CYRIC's first comic is fairly simple; they're calling it a proof-of-concept. Eight pages, black and white, all of the work for the stories was donated. The stories aren't long or complex; they're adapted from Syrian folklore and basically all promote the idea of being good. But geared as they for 6-12 year olds, there's no need to get into lots of grey moral areas or convoluted storytelling. A mother sacrifices her own food to feed her children, and her children in turn sacrifice some of their food so that the mother can eat. A jeweler is hired to fix an earring for the princess, but his evil brother "loses" it, only to have the earring turn up again before the King's return. A miller is tricked into an impossible task by an evil djinn, but a good djinn recognizes the miller's character and helps. Nothing complicated; just something to provide refugee kids for free so their lives aren't completely horrible.

So how did this proof-of-concept go over?
Our partners at NuDay Syria have generously provided us with images of the kids receiving and reading their copies of Haawiyat. Says one of our contacts there, "The kids were super excited to read over the stories, and in some cases distracted me from photographing since they were eager to read to me!"
CYRIC is trying to keep the ball rolling with more via a crowd-funding campaign. "For phase one, all production and services were donated or volunteered," explained project leader A. David Lewis. "In phase two, we hope the expanded incarnation of the title will have more stories, be in full color, AND go out to many more deserving children!"

They're currently fund-raising via Razoo here. Please do what you can to help make kids like these feel normal and happy again.
Random question of the the day... what comic has been published by the most number of publishers? As in, what property has been run by the widest variety of publishers discounting foreign editions? (I should probably also discount individual works that are repeatedly re-adapted over and over -- like Alice's Adventures in Wonderland or 20,000 Leagues Under the Sea.)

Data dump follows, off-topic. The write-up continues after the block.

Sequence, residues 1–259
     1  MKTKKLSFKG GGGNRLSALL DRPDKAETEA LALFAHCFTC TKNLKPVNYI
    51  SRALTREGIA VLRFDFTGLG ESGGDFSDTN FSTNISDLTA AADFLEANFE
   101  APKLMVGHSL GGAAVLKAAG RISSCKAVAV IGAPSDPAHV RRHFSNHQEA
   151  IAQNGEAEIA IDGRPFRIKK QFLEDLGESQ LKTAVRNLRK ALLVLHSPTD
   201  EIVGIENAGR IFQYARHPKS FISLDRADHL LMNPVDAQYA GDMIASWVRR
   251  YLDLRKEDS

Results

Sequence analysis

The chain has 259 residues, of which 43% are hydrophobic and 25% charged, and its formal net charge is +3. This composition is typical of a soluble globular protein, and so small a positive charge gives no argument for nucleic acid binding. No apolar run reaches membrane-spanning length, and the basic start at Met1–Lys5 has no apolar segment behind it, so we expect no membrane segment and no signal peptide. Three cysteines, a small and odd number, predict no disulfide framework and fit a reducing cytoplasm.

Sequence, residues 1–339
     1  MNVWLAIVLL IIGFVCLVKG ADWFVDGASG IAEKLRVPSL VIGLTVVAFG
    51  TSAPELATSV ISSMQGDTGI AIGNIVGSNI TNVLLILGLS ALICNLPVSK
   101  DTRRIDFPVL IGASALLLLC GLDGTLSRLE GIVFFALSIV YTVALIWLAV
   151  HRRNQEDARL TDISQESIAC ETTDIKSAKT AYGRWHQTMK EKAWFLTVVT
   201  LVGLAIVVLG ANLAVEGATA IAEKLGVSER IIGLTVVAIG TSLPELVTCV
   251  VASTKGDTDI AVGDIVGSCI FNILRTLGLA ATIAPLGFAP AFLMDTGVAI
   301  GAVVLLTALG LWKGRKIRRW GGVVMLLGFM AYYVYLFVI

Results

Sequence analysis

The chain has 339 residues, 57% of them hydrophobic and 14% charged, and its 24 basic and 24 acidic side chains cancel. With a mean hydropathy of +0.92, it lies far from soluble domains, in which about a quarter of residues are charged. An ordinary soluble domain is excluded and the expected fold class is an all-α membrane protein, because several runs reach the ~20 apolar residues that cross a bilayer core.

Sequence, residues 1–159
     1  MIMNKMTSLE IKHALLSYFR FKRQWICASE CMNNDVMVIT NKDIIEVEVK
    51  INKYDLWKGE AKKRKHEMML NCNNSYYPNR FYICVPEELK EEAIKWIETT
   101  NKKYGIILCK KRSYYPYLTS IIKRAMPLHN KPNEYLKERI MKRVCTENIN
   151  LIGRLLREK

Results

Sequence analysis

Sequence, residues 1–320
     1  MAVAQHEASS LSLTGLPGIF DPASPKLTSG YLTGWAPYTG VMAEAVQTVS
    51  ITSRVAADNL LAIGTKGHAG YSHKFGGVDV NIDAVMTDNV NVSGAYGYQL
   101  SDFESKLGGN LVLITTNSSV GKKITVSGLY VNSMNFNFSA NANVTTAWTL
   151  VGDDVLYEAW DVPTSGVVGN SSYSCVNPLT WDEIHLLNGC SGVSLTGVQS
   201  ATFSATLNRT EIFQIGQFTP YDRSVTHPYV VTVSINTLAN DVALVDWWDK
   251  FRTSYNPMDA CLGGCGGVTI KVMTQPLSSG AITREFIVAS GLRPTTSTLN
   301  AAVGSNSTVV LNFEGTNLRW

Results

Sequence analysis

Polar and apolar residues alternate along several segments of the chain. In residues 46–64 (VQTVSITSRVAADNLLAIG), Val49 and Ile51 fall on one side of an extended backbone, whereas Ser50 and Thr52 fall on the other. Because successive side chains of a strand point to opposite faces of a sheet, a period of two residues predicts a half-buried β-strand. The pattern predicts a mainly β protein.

A couple of examples spring to mind. ElfQuest started basically as a self-publishing venture. (WaRP Graphics literally stands for Wendy and Richard Pini.) Marvel published it for a while in the 1980s and DC has picked up some rights. Currently, Dark Horse is printing collected editions. Apple Comics and StarBlaze both had the title for a bit in the '80s as well. That's six US publishers who've run the series.

Another that I can think of is Groo. The character debuted under Pacific Comics, and soon after went over to Eclipse. Marvel had the title for a decade, and Image ran with it for a year. Graphitti Designs ran a special, and Dark Horse has been running them most recently. That's also six. Plus, IDW had an Artist's Edition version -- arguably, that might not count, but it could be a potential tie-breaker.

Interestingly, Star Wars does not have many comics publishers to deal with, despite a more robust publishing history. There's Marvel and Dark Horse, naturally. Blackthorne did a 3-D version in 1987, and Tokyopop did a manga version a couple decades later, but I think that's it.

Star Trek has actually been passed around more. It started at Western Publishing, but later hit Marvel and DC. Malibu had it for a short while in the mid-1990s, and Tokyopop has done manga versions of it as well. It's currently published by IDW.

Tarzan might be a good candidate, just based on the character's longevity. A lot of the major comic publishers have taken turns on the series: Marvel, DC, Dark Horse. Both Dell and Western took their turns. Malibu's and Blackthorn's names pop up again. NBM did some collected editions, and Williams Publishing based some books off Burne Hogarth's newspaper strips. Although technically illegal, Charlton did a short run in the mid-1960s too. That's ten publishers, for those of you keeping score.

What about The Shadow, another long-lived property? Here again we see Marvel, DC, and Dark Horse. Archie Comics also took a stab at the character briefly in the 1960s. Dynamite is the current publisher. Only five, it appears.

I'm drawing a blank on who else to check. I know several that have had two or three publishers like Airboy and Bone. There are a few more than float in the five-to-seven-ish range -- a lot of the bigger Disney titles and Conan, for examples. There are some, like Judge Dredd and Tintin, that I wouldn't even count since they didn't originate in the US -- America's versions would be the foreign editions.

So, Tarzan then? Tarzan's had the most publishers of any comic? Am I missing anything?